Chicago via Brooklyn’s Kent Lambert has been recording under the name Roommate for about a decade, but now has a set of collaborators playing along with his moody electronic compositions, giving some serious depth to his already strong songwriting. Despite the companionate band name, and the significance of the group on this record, the importance of isolation, unusual fragility, and unanswerable questions are the more vital, weighty issues at hand. Bassist Gillian Lisee (formerly of the Fruit Bats), drummer Seth Vanek, and multi-instrumentalist Luther Rochester give some serious punch to the music on Guilty Rainbow, but Lambert’s challenging, questioning, worried lyrics are the key to this record’s success.
On opening track “My Bad”, squelching and scrambling electronic bursts occasionally bubble to the top of the mix, adding color to the clapping electronic percussion and caterwauling vocals. “Everyone’s famous here, everyone praises everyone,” Lambert grinningly sings as the soundscape grows bleaker. The chilly, Animal Collective-like stuttered chords, and jazzy vibraphone flourishes of “August Song” come across more wintery than the title would suggest, and rather than finding a destructive acme, the song builds to a messy, overlapping point before collapsing in on itself.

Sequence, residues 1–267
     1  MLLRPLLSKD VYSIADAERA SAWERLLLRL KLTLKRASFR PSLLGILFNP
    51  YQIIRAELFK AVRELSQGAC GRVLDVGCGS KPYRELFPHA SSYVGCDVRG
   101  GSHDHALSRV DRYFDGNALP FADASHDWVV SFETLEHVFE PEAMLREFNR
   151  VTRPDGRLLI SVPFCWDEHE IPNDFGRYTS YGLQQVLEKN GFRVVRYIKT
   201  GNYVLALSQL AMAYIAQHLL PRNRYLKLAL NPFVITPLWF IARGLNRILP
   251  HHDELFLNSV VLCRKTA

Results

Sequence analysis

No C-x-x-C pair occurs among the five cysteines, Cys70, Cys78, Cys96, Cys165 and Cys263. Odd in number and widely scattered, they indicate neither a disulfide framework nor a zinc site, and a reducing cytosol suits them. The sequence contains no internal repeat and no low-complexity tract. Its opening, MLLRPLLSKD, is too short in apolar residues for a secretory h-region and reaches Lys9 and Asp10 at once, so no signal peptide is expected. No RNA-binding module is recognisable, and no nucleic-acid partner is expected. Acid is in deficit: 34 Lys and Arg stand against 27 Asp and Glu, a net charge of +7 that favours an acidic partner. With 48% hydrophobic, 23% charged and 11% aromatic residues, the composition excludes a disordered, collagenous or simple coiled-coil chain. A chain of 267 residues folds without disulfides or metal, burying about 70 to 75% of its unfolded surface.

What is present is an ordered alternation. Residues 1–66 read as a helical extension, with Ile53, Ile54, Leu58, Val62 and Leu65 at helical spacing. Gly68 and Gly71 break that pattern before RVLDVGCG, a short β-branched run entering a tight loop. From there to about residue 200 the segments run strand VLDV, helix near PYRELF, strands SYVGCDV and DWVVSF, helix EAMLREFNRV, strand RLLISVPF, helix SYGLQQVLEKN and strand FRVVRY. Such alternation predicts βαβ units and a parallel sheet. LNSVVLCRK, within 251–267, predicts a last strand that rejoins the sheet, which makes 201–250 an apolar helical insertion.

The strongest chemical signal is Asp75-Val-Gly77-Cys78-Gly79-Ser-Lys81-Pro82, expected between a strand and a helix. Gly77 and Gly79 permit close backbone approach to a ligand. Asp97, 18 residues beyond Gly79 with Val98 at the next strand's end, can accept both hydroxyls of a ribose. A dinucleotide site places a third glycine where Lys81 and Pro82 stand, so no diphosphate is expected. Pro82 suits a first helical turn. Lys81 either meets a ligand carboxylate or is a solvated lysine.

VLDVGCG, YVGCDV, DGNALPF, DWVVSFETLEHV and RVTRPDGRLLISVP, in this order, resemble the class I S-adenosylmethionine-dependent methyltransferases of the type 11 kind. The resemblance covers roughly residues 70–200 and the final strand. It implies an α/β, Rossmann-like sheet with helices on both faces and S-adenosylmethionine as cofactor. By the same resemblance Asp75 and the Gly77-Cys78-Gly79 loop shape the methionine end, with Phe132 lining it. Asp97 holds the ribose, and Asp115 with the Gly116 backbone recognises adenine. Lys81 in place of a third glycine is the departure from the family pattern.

This trend continues throughout the disc, Lambert and company building richly detailed, atmospheric songs, and then letting them die. The verses of “Flicker Flame” go on until there simply aren’t anymore. “When you’re somebody nobody wants to be around, where do you go at night?” Lambert coos on “Snow Globe”, waiting, hoping for someone to respond, but no one does. The groovy, chaotic “Ghost Pigeon” is the first song in which Lambert’s voice cracks above its melancholic coo, but still everything returns to a glittering, off-key, off-kilter mess.
While many other songwriters would take this into a down-trodden, depressed place, Lambert remains slyly guarded. The flowing, multivalent music helps to keep things out of the monotonous emotional doldrums, but Lambert’s slow, building, prying questions truly force the listener to examine every bit of the album and the self.